To ensure that your hot tub experience is rewarding and relaxing, maintaining clean water is a very important factor. While occasionally owners will face some type of water problem, learning how to identify and correct hot tub water issues will give you peace of mind. Plus, knowing how to prevent them will help make sure that water problems rarely occur. Below, we will explain how to recognize and correct common hot tub water problems.

Foamy Water

If a buildup of residue or foam appears to be floating on the top of the water or lining the edges of the tub, cleaning is necessary. Foamy water is usually caused by a buildup of body oils and products such as deodorant, lotions, and makeup which react with the alkaline water. Getting bathers to shower before entering the hot tub will go a long way in preventing foamy water from occurring. However, if it has already, there are some enzyme based cleaners and anti-foam agents that can provide a quick solution. These do not solve the underlying problem but are good for a temporary fix. To completely eliminate foamy water, it is necessary to drain the hot tub and thoroughly clean.

Cloudy Water

When it appears that there are particles suspended in the water but they are not large enough to scoop out or be picked up by the filter, this is referred to as cloudy water. Filtration problems or unbalanced pH levels are usually the underlying cause. The steps you can take to correct are:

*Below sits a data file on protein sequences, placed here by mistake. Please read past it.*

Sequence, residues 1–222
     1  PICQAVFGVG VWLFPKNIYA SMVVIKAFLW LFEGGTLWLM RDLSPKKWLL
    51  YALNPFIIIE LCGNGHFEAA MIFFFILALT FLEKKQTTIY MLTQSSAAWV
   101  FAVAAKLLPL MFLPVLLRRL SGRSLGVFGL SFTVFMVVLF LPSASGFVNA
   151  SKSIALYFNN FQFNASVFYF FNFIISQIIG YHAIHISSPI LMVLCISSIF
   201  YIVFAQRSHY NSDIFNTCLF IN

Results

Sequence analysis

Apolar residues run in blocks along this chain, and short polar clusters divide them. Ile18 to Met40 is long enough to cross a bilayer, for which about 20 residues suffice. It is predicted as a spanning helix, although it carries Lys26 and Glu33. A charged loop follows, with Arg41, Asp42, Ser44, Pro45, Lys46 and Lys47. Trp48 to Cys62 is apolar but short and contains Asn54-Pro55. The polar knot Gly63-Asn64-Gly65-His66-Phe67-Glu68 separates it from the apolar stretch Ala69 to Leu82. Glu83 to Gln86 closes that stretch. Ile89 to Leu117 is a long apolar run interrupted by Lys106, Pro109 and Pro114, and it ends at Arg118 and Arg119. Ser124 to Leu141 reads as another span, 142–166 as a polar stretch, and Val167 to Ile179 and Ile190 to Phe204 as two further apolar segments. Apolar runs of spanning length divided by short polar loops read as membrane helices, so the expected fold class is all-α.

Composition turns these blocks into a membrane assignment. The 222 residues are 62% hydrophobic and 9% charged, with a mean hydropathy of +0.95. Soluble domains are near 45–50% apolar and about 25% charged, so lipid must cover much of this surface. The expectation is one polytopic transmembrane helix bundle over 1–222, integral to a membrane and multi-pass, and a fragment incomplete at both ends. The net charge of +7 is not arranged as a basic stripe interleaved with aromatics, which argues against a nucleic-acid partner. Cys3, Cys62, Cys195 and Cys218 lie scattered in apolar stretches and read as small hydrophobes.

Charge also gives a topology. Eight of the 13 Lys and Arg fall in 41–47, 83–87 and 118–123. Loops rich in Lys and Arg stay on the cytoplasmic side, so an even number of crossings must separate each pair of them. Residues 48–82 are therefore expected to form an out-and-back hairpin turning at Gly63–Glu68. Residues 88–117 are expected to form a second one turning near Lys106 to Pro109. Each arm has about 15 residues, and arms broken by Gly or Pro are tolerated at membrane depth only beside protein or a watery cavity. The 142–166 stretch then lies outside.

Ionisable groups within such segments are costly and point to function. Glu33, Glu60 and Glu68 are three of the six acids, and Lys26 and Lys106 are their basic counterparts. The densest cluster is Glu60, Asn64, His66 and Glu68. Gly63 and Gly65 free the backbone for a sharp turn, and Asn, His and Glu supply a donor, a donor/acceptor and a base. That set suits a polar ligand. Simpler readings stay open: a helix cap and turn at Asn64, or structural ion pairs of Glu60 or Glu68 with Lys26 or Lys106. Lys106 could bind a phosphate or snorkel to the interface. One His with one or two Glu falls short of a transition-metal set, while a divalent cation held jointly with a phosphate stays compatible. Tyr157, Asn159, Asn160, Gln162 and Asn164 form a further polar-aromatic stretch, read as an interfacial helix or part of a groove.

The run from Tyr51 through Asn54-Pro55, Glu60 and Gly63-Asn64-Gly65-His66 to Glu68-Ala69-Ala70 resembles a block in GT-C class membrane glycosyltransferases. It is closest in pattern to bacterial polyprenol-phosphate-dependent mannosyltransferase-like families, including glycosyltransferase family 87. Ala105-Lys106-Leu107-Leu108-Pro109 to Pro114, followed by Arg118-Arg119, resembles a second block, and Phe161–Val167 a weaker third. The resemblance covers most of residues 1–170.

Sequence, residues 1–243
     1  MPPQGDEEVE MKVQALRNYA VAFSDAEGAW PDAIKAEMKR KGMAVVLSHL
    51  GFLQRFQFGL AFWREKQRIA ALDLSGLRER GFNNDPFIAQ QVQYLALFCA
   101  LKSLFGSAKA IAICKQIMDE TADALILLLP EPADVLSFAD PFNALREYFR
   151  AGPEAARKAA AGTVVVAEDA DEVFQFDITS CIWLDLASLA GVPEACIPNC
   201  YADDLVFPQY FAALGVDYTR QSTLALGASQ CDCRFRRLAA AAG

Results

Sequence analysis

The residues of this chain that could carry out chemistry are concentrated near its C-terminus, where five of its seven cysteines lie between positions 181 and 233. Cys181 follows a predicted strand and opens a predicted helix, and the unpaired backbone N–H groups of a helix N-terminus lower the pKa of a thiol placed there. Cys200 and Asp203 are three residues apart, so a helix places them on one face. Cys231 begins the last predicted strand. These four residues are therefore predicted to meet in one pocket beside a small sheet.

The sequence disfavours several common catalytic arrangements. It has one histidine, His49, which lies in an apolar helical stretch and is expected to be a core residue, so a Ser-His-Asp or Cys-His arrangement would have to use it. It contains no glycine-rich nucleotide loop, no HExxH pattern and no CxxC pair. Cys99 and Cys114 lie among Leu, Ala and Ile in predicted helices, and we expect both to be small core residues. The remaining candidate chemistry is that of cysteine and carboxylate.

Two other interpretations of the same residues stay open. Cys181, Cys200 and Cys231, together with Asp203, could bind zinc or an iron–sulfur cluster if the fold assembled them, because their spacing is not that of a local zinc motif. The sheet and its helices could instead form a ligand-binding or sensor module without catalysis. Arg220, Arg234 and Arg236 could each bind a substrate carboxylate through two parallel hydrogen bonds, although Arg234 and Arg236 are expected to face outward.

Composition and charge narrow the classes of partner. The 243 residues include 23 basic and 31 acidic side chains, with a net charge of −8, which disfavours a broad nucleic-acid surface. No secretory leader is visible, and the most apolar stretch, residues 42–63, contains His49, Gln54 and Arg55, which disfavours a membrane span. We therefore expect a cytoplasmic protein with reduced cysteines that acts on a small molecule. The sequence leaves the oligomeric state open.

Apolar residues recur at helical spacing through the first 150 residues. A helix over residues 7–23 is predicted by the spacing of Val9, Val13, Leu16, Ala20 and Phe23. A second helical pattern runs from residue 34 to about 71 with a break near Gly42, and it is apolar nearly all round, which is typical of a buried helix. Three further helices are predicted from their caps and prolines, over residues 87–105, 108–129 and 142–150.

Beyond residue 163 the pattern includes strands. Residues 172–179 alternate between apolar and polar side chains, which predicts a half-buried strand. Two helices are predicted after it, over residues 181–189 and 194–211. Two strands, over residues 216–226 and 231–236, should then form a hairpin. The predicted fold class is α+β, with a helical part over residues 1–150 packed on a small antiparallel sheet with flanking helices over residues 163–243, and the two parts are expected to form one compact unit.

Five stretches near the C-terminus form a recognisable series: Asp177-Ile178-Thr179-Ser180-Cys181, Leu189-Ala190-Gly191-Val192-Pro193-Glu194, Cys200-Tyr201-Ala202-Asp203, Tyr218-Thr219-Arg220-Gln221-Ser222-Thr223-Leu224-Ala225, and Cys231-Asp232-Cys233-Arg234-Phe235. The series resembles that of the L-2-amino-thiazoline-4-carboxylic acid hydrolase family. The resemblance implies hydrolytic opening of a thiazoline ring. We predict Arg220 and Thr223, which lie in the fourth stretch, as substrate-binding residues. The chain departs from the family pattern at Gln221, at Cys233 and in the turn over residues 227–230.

Check the Water Filter:

Cleaning or replacing your water filter can often solve the problem of cloudy water. Filters should be rinsed weekly and treated with a specialized chemical solution monthly. Every year or two it is recommended to replace your filter for optimal cleaning performance.

Check the pH:

A pH testing kit will quickly identify if your water is too acidic or alkaline. Depending on what the results are, bring the water back to a balanced state, which may clear up the problem.

Shock the Water:

Using shock means adding cleaning solutions to the water and letting it filter through the entire hot tub system. This can be done weekly or whenever needed to bring your water back to a healthy state whenever it appears cloudy. Shocking also kills bacteria, removes organic compounds and algae. There are two types of shock – chlorine-based and non-chlorine based. The chlorine-based products disinfect and oxidize but are harder on the hot tubs components and should be used sparingly. Non-chlorine based solutions can be used more frequently, however, they only oxidize and do not disinfect.

If these solutions do not solve the problem, it will be necessary to drain and clean the hot tub.

Milky Water

Milky water sounds like its name – a whitish color that makes it difficult to see the bottom of the hot tub. The can be a result of poor water chemistry, inadequate filtering or heavy hot tub use, such as a recent hot tub party. Similar to cloudy water, the steps to take are testing the water, checking/cleaning the filters, shocking the hot tub and completely draining and cleaning if necessary.

Part of owning a hot tub is occasionally having to deal with foamy, cloudy or milky water. Prevention is the first step and these maintenance procedures will ensure you know how to fix the situation and return your water to a healthy state. Consistently maintaining clean water conditions will reduce wear and tear on your hot tub’s components and give you peace of mind while you are taking a relaxing soak.